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Re: Q1 2020 Results
« Reply #62 on: May 05, 2020, 02:06:21 AM »

Value investing works. Bad investing (even if wearing the cloak of value investing) does not.


This is a very good way of putting it. They made some excellent investments, but they made too many duds, and they hedged.

My guess is hubris and/or complacency (which are highly linked at a subconscious level) plus distraction (time spent on assembling and managing Fairfax's sprawling insurance business, rather than on investing) led to them applying simplistic heuristics (e.g. low p/bv, or supposedly great management) to investments rather than doing really hard investigative work.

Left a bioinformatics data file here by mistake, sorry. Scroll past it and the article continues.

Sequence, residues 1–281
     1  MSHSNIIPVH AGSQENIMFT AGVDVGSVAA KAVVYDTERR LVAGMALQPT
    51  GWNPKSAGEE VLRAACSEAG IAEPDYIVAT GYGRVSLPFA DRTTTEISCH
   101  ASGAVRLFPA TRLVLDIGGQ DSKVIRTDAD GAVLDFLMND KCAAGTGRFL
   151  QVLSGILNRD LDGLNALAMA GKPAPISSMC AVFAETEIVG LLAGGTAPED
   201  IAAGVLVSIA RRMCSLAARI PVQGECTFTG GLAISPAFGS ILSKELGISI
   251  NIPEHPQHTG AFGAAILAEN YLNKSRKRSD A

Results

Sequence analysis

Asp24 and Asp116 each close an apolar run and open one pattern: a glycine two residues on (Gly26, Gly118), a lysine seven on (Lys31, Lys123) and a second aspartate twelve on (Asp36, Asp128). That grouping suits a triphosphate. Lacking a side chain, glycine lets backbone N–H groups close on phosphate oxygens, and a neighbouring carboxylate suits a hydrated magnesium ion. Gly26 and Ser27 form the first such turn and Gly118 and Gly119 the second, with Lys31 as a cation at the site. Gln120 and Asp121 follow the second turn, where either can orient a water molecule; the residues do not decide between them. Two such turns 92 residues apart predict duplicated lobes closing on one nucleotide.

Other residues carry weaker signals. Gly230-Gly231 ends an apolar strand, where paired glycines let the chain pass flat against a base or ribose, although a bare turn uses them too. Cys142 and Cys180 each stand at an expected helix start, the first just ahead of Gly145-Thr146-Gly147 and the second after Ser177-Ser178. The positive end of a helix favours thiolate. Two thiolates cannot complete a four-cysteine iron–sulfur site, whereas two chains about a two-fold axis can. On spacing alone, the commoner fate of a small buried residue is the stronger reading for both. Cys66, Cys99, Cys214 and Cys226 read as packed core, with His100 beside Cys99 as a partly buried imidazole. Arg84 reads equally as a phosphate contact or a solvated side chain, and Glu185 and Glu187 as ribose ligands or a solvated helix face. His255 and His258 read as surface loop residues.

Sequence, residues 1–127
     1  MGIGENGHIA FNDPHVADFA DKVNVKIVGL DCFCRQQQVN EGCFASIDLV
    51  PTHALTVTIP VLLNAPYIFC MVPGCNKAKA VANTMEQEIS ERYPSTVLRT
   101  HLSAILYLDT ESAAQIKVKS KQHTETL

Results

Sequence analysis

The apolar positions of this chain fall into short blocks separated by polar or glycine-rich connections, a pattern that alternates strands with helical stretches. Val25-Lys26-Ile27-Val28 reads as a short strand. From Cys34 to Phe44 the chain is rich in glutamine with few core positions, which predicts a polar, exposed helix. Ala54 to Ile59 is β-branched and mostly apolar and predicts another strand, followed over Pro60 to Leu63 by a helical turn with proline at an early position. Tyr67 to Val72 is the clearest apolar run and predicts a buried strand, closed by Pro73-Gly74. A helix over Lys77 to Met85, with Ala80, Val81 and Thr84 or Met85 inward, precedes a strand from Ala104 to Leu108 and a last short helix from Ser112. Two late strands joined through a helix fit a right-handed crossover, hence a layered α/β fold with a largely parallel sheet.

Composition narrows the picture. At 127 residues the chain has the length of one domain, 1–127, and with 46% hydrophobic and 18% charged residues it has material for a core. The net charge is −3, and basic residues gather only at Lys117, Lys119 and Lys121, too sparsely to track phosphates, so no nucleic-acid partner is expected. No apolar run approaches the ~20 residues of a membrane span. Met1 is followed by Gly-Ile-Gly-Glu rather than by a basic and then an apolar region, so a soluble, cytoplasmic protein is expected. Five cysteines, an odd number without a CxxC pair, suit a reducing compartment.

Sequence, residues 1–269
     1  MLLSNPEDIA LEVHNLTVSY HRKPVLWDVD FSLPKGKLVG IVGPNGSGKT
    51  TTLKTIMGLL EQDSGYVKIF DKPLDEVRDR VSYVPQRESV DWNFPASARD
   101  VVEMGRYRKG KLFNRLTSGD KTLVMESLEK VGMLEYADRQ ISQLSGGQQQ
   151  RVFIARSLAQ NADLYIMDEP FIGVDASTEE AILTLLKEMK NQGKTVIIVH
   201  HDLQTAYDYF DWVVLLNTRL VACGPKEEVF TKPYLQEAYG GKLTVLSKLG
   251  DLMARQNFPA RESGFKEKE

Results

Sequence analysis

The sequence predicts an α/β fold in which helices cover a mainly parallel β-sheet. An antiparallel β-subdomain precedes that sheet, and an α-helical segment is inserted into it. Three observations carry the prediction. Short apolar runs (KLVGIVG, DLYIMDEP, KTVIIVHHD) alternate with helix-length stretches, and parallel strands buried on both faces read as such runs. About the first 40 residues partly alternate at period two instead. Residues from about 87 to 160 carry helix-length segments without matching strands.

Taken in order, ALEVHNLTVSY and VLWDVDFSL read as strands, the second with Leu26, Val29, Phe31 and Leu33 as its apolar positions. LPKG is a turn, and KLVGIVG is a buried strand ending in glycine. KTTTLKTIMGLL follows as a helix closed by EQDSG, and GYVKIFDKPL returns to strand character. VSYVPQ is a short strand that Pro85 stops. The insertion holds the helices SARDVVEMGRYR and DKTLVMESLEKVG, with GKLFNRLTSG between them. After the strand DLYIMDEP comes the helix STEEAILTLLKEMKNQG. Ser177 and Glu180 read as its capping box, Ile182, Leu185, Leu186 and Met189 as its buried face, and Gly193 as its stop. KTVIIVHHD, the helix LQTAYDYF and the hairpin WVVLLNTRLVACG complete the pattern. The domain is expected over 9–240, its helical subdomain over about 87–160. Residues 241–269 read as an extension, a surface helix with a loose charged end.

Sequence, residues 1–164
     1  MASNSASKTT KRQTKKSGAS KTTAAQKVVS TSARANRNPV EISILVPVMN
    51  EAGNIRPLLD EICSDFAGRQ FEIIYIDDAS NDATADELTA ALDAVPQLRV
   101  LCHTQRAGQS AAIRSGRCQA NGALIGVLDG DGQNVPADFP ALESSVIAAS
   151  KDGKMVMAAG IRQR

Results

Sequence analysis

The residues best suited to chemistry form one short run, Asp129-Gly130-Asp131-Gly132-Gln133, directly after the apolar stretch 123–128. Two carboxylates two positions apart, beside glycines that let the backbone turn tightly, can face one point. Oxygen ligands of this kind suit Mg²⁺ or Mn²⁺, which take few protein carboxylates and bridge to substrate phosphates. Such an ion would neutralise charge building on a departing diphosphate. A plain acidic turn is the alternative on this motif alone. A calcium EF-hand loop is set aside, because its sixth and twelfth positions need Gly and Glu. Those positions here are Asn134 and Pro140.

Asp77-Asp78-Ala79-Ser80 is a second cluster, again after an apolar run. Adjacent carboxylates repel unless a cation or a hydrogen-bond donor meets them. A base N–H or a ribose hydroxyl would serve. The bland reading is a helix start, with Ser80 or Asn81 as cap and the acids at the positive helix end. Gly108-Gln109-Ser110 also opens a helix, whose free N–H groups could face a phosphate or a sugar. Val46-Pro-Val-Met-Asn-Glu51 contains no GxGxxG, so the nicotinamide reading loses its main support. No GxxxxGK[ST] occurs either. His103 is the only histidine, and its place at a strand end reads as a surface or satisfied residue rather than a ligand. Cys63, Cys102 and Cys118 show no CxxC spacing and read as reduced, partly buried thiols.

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vinod1

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Re: Q1 2020 Results
« Reply #63 on: May 05, 2020, 09:02:20 AM »
I read the Q1 Transcript to hear what Trump of the North has to say.

- Bleach could be effective antidote to Covid. We expect to generate a 15% return for our shareholders over time.
- One day it would go poof and we would have a big celebration. The best is yet to come.
- We are doing a fantastic job at the federal level to respond to Covid. Our investment team operating in a stock pickers market.

The fundamental algorithm of life: repeat what works. –Charlie Munger

bearprowler6

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Re: Q1 2020 Results
« Reply #64 on: May 05, 2020, 09:40:28 AM »
I read the Q1 Transcript to hear what Trump of the North has to say.

- Bleach could be effective antidote to Covid. We expect to generate a 15% return for our shareholders over time.
- One day it would go poof and we would have a big celebration. The best is yet to come.
- We are doing a fantastic job at the federal level to respond to Covid. Our investment team operating in a stock pickers market.